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I am not quite sure how frame per second works on a web page. I have a Canvas game that involves in moving an image from point A to B, and measuring the time elapsed. The code can be as simple as:

var timeStamp = Date.now();    
function update(){
  obj.y += obj.speed;
  text = "Time: "+ (Date.now() - timeStamp) + "ms";
}

The function update() is called every frame. The problem is that the time elapsed is different from device to device. It is pretty short on my PC, but get longer on my iPad, and is much longer on my cell phone. I thought it is because the FPS is smaller on mobile devices, so instead of calling update() every frame, I call it every 1ms by using a setInterval. But this does not solve the problem.

In my understanding, the function for setInterval is invoked based on the increment in system time, other than frame rate, so it should fix the problem. Am I missing anything here? If the setInterval function is called based on FPS, is there any way to get around with the FPS difference across devices?

On a side note, I have sort of a "water simulator" on the same canvas. It involves in redrawing about 60 objects which can be 600x600 pixels for every frame, so it could be a frame rate killer. I am using Phaser.js but not really using much of its functionalities, if that helps.

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  • \$\begingroup\$ 1000 updates per second is way too much. There is no reason why your update rate should be any higher than the highest FPS you aim for. More than 100FPS is unnecessary for everything, but depending on the game you can sometimes get away with much less. \$\endgroup\$ – Philipp Aug 25 '14 at 9:27
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As far as I know, is 60 frames per second only, and you don't have access to the delta time. If you want to simulate 30fps for example, you could skip the update() every second frame. Read more here: http://www.html5gamedevs.com/topic/2959-how-to-set-fps-to-30/

It is therefore up to you to make sure that every frame runs within 16ms (1000 / 60) so that things appear smooth, across all devices, otherwise the engine begins to lag. If you want to have better control over such things, it's probably better to try a different framework or maybe a faster language than javascript.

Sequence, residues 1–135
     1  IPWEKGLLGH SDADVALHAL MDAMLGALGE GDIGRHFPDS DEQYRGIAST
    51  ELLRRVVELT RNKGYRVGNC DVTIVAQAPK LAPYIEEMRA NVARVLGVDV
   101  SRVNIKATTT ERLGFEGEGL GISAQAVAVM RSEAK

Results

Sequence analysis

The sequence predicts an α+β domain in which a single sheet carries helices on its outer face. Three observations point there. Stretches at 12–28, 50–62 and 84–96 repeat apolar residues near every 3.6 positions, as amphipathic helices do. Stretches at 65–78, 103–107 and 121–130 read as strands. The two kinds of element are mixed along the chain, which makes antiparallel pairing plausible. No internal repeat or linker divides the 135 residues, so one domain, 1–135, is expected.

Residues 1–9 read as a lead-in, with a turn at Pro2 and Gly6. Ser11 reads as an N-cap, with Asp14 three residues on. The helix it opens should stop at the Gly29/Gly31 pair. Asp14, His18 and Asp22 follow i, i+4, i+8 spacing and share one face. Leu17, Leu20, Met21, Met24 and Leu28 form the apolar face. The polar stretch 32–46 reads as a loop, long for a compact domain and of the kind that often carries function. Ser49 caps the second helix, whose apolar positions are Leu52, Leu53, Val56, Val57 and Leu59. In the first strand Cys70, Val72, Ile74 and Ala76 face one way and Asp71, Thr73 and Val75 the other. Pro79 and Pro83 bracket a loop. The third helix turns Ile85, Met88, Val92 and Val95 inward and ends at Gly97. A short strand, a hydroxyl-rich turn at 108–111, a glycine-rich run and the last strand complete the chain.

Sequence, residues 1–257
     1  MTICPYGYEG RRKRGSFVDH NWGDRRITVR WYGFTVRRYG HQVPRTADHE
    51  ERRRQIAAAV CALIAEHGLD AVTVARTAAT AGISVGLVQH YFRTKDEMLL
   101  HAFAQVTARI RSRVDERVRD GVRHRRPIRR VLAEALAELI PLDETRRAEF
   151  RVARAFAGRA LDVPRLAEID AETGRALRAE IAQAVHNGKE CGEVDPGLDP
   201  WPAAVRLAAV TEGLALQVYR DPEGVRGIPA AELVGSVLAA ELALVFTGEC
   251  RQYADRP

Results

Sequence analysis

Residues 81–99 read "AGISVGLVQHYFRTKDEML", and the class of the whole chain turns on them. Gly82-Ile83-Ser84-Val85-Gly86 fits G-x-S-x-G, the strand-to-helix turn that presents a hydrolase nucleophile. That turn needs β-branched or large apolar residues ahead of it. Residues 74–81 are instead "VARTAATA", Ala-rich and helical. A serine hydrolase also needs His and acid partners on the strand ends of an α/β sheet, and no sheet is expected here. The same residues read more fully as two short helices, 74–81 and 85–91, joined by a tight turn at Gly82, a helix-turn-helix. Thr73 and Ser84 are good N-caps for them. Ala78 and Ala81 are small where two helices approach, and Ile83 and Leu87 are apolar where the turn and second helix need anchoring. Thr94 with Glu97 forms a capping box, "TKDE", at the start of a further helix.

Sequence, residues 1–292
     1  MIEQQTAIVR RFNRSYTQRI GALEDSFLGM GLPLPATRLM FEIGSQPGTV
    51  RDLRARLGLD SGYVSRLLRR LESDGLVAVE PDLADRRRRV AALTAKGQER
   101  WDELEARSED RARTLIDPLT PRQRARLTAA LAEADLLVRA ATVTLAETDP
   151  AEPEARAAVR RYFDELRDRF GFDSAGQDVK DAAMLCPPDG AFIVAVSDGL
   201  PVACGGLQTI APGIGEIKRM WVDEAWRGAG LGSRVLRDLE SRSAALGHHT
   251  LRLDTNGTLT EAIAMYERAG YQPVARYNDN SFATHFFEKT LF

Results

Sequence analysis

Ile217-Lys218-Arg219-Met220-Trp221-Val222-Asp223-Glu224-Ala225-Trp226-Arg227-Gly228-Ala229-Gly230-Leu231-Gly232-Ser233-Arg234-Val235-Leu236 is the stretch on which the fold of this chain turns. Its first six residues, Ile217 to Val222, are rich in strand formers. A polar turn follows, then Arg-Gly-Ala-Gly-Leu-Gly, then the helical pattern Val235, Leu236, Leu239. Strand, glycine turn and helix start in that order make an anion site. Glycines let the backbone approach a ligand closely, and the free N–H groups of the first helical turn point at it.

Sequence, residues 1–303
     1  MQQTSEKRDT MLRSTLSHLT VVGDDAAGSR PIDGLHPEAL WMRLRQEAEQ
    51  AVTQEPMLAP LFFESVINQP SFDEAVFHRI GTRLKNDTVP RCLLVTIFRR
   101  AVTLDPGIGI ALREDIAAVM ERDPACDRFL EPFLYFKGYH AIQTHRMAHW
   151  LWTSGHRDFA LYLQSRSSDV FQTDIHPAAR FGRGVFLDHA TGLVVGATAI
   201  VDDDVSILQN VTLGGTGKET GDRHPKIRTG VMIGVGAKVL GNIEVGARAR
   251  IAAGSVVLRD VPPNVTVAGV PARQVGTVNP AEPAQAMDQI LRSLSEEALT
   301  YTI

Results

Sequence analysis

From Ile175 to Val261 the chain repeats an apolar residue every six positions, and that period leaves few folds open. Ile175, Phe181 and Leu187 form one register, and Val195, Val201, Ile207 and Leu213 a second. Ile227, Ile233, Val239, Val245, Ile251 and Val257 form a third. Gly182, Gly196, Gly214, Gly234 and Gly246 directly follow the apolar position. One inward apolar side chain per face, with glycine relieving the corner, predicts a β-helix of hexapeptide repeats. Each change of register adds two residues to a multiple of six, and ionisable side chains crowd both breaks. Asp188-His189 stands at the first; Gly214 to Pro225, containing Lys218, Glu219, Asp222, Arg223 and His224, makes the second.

By the way, there's no need to calculate frame rate yourself; phaser has the Time class which (when advancedTiming is enabled) has fields like fps, frames, and elapsedSince() for you to monitor the performance of your game.

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  • \$\begingroup\$ Thanks for the answer! I was following the javascript from this link: tysonross.com/temp/waves/index.html to create water effect, only to rewrite with phaser instead of raw javascript, and added an event to drop a box into the water onclick. The original page runs okay on mobile devices, so I guess phaser could be a factor affecting the performance. By the way, I use phaser bitmapData class to draw then add an image using the bitmapData on each frame. I am not sure if this is the optimal way to draw. \$\endgroup\$ – Fenwick Aug 26 '14 at 15:16
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    \$\begingroup\$ game.time.physicsElapsed will tell you how long it has been (in seconds) since the last frame. \$\endgroup\$ – J F Jul 4 '17 at 10:47

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